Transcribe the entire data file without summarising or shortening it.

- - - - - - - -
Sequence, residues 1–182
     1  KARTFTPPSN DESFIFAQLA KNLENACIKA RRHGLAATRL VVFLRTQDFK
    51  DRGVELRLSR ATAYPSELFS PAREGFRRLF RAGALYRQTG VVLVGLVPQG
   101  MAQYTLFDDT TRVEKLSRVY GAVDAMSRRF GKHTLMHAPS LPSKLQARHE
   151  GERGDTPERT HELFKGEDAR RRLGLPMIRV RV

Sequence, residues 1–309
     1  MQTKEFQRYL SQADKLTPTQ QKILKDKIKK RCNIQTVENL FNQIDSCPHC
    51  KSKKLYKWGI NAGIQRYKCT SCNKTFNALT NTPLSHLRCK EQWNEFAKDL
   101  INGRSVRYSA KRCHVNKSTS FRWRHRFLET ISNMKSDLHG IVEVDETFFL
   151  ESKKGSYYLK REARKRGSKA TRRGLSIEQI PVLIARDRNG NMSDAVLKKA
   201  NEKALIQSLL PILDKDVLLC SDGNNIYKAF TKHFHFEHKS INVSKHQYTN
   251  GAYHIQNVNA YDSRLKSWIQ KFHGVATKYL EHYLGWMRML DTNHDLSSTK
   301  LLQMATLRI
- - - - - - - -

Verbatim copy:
Sequence, residues 1–182
     1  KARTFTPPSN DESFIFAQLA KNLENACIKA RRHGLAATRL VVFLRTQDFK
    51  DRGVELRLSR ATAYPSELFS PAREGFRRLF RAGALYRQTG VVLVGLVPQG
   101  MAQYTLFDDT TRVEKLSRVY GAVDAMSRRF GKHTLMHAPS LPSKLQARHE
   151  GERGDTPERT HELFKGEDAR RRLGLPMIRV RV

Sequence, residues 1–309
     1  MQTKEFQRYL SQADKLTPTQ QKILKDKIKK RCNIQTVENL FNQIDSCPHC
    51  KSKKLYKWGI NAGIQRYKCT SCNKTFNALT NTPLSHLRCK EQWNEFAKDL
   101  INGRSVRYSA KRCHVNKSTS FRWRHRFLET ISNMKSDLHG IVEVDETFFL
   151  ESKKGSYYLK REARKRGSKA TRRGLSIEQI PVLIARDRNG NMSDAVLKKA
   201  NEKALIQSLL PILDKDVLLC SDGNNIYKAF TKHFHFEHKS INVSKHQYTN
   251  GAYHIQNVNA YDSRLKSWIQ KFHGVATKYL EHYLGWMRML DTNHDLSSTK
   301  LLQMATLRI